UKI artist Robert Pope at the Castle On The Hil which has become increasingly popular with tourists.
UKI artist Robert Pope at the Castle On The Hil which has become increasingly popular with tourists.

Da Vinci code attracting curious tourists to Uki



TOURISTS from around the world are heading to a medieval-style castle near Uki to unlock the secrets of the "da Vinci" code and save the planet.

In the process the Castle on the Hill has won a major tourism guernsey - an Award of Distinction in the Northern Rivers Tourism Awards for 2004.

But artist Robert Pope, director of the International Art Science Institute which is also housed in the castle, says winning the award was not just a result of offering unique accommodation.

He says it is directly due to cracking the "da Vinci code" - scientific wisdom hidden in the paintings of 15th Century Italian Renaissance artist and inventor Leonardo da Vinci which has recently been made famous by an international blockbuster novel by Dan Brown.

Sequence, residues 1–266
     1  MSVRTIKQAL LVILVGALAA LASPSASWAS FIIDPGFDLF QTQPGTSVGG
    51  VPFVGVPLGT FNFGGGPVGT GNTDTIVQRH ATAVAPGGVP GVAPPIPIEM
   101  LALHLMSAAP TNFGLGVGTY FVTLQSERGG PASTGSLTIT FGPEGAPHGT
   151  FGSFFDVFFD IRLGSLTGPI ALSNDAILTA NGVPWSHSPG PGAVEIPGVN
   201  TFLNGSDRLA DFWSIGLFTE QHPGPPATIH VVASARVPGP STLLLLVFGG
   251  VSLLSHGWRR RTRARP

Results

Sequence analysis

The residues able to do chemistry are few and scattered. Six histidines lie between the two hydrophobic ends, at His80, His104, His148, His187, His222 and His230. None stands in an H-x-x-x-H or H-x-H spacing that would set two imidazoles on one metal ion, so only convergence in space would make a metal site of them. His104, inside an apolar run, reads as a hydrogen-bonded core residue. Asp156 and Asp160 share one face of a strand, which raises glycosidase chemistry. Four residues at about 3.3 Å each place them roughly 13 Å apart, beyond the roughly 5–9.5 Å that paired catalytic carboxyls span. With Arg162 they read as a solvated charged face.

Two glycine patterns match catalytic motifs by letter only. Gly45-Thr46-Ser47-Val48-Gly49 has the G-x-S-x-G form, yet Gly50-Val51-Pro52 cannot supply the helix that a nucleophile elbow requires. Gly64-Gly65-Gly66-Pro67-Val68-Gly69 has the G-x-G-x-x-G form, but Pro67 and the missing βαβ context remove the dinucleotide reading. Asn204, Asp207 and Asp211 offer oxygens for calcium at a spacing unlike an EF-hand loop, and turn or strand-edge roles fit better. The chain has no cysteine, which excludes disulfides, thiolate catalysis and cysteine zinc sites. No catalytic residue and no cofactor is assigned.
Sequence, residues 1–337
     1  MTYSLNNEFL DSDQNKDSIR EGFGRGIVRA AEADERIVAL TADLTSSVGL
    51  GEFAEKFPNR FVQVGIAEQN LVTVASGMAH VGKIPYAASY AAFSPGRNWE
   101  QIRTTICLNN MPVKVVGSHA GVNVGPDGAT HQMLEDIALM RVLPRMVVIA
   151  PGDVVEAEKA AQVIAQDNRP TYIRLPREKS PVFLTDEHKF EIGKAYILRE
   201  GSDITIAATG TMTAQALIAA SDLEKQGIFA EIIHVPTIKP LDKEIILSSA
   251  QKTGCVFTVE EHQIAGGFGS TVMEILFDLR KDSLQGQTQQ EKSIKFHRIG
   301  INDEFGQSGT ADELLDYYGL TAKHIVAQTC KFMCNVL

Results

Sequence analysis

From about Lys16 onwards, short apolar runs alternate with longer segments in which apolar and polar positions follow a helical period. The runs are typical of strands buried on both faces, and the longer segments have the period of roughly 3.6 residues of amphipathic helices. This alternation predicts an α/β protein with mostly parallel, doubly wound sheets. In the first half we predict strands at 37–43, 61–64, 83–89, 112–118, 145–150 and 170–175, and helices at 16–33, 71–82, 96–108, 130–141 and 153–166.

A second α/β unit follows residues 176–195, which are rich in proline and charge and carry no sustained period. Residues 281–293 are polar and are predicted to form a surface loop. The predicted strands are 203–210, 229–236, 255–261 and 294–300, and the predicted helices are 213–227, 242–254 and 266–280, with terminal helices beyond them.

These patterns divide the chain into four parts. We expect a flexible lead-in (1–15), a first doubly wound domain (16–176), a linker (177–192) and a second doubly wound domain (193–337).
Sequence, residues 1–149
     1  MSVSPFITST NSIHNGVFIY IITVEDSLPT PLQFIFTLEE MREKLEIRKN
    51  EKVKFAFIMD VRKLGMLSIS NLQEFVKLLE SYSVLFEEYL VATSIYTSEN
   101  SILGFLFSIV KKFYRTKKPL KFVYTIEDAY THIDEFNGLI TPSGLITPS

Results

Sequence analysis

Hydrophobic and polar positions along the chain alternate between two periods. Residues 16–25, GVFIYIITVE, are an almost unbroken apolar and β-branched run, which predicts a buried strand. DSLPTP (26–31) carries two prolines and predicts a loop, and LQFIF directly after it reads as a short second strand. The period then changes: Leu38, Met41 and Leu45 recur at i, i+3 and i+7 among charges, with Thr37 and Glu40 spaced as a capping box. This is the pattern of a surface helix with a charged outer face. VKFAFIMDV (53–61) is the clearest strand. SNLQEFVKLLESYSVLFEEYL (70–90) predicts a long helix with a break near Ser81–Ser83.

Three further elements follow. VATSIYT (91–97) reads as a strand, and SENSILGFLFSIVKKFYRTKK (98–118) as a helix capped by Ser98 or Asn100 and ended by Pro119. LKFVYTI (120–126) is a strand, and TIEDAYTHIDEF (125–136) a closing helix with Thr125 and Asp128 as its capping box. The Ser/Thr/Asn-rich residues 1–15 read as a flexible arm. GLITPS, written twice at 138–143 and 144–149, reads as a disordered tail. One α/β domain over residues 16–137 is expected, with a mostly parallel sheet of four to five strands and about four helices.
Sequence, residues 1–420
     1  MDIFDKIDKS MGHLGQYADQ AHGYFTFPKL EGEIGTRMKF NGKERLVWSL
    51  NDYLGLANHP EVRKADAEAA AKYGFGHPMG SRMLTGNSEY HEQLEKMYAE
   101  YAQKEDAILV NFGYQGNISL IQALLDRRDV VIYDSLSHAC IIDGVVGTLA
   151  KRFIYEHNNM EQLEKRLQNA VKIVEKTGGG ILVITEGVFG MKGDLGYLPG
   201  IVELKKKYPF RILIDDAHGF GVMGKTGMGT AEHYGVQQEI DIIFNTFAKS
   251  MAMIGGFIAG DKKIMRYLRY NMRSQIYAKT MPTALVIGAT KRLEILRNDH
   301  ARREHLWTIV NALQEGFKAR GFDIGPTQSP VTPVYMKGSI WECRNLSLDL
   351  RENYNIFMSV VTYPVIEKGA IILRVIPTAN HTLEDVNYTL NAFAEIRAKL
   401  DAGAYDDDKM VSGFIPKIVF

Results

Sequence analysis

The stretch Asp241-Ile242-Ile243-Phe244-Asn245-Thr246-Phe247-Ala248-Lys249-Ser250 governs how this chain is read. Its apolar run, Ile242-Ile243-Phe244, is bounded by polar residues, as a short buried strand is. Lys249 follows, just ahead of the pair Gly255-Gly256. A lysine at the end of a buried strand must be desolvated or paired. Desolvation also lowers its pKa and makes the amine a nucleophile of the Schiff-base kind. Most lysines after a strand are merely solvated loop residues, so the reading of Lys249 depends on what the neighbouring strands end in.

The novel - a stunning thriller that has provoked debate about its interpretation of Christianity - zooms in on the hidden code as the key to a deep historical mystery.

Mr Pope claims his art/science research has cracked not only the da Vinci code but takes studies of the "basic law" of the universe further.

He says the novel is "the best thing that ever happened to us because it explained what we are all about".

"We use art as a catalyst. We've learnt this from the da Vinci code."

Mr Pope says scientists from all over the world, many of them bi-chemists, and other people simply concerned about the state of the planet and civilisation now come to his castle to relax and discuss the hidden secrets:

"We had one fellow very depressed because of all the violence in the world.

"I thought I'd have to go easy and not hit him with the heavy stuff. But he ended up happy because he could see a way out."



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